WASHINGTON, D.C.--After years of leaving the heavy lifting to Congress, President Bill Clinton today requested a massive boost to biomedical and basic science funding in 1999. "It's a historic change of attitude," says one amazed university official. Experts attribute the increase to a booming economy, subsiding partisan tensions, and the R&D community winning over advocates in Washington.
The proposed R&D budget--most of which has been packaged into a $31 billion 21st Century Research Fund for America--contains a significant increase for virtually every R&D agency, with the exception of NASA. The National Institutes of Health (NIH) would grow by 8.5%, to $14.8 billion, while the National Science Foundation's (NSF's) budget would increase by 10%, to nearly $3.8 billion. Overall, civilian R&D would rise 6%, to $36.4 billion--marking "the largest commitment to civilian research in the history of the United States," Gore said at a White House briefing. And overall civilian R&D spending would continue growing through 2003 under a plan that, the vice president added, "would have been considered unthinkable only a few short years ago."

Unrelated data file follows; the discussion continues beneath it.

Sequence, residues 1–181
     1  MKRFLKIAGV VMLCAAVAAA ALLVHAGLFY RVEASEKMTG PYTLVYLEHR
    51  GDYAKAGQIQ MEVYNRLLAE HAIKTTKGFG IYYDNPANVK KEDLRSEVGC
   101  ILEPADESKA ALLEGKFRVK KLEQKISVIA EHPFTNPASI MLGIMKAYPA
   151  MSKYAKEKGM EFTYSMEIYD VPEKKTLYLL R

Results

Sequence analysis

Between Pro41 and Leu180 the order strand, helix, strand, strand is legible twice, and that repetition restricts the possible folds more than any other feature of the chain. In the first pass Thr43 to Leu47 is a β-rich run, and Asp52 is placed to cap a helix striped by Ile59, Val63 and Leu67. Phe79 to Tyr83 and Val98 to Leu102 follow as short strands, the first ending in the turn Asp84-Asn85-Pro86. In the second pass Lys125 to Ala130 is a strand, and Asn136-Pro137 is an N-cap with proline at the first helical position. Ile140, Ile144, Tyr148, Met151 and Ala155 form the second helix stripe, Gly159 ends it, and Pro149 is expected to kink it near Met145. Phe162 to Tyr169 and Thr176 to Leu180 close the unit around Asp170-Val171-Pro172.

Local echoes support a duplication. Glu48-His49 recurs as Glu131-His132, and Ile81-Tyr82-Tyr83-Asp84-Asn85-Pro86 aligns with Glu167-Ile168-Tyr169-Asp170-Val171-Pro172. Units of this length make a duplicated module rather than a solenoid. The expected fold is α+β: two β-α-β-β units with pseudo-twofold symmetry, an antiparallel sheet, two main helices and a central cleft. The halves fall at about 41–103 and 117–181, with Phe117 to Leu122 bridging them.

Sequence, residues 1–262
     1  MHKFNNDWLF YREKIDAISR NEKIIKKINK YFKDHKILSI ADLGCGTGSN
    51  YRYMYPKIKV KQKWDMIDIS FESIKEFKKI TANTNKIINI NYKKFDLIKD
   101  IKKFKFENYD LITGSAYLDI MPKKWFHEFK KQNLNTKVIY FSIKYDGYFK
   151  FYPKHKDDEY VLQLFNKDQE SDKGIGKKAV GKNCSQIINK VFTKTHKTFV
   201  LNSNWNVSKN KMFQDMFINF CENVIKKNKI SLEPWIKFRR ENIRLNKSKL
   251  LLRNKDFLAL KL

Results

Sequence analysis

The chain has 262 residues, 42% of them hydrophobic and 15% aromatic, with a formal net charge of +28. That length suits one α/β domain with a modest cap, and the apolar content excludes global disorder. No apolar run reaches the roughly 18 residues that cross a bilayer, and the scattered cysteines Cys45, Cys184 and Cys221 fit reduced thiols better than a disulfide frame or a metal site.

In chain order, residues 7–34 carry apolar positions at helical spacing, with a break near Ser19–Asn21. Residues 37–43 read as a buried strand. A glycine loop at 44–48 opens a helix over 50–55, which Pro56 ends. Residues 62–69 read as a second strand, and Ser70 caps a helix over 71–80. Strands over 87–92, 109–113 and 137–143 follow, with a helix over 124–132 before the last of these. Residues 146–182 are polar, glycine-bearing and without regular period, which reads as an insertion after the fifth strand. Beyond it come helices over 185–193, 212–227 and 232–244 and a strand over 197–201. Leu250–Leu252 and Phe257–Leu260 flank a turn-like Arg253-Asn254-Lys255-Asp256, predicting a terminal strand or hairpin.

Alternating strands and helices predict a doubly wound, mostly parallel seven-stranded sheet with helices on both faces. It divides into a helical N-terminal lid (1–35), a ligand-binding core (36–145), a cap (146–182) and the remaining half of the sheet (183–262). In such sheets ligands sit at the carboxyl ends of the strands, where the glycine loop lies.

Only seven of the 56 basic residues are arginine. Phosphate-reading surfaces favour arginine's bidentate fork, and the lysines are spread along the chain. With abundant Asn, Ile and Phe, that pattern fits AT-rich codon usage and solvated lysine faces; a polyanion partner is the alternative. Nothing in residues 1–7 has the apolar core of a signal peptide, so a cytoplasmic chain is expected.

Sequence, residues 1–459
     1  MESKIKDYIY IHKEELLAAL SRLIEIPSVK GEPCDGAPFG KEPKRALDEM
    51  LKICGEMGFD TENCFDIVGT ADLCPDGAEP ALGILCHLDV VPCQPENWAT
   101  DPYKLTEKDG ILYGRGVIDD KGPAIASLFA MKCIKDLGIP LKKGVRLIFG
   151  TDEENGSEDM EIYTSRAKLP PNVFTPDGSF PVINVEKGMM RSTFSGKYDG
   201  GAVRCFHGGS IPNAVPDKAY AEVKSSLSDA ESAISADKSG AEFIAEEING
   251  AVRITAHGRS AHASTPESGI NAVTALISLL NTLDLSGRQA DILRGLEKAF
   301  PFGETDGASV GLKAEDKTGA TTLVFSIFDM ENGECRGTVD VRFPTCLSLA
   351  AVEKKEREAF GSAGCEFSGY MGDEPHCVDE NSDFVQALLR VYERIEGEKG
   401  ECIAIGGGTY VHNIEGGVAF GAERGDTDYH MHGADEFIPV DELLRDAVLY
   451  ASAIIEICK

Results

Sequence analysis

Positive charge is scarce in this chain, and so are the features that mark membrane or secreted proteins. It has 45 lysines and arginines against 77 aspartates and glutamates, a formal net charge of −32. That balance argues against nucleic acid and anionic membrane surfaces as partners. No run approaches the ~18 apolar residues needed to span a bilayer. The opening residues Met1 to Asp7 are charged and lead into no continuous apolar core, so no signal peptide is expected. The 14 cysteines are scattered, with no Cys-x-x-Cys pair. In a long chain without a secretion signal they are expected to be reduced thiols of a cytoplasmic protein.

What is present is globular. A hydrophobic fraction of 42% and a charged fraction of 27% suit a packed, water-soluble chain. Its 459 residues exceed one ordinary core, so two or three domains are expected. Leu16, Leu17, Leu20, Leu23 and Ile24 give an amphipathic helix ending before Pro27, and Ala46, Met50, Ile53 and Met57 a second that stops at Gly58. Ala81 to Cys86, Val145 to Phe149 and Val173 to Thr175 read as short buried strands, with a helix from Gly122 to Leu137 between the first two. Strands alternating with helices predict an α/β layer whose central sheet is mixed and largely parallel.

The request is a vast improvement for science from last year, when NIH and NSF were accorded boosts that would have barely kept pace with inflation. Now there is growing bipartisan support in Congress for basic science. "That undoubtedly prepared the ground for the Administration to act more aggressively," says Chuck Vest, president of the Massachusetts Institute of Technology. Another factor was the unexpectedly large revenues pouring into the U.S. treasury, which allowed the White House Office of Management and Budget to push for more spending in areas like R&D. And reading a shift in the political winds, science advocates bombarded the Administration with letters, phone calls, and public statements of support for increased R&D spending.
However, a portion of the proposed biomedical increase depends on approval of a pending legal settlement between the government and tobacco companies. And Clinton has ruled out using a future budget surplus for anything but shoring up Social Security. In addition, some R&D supporters worry that the physical sciences may get neglected in the face of continuing growth in biomedical research budgets.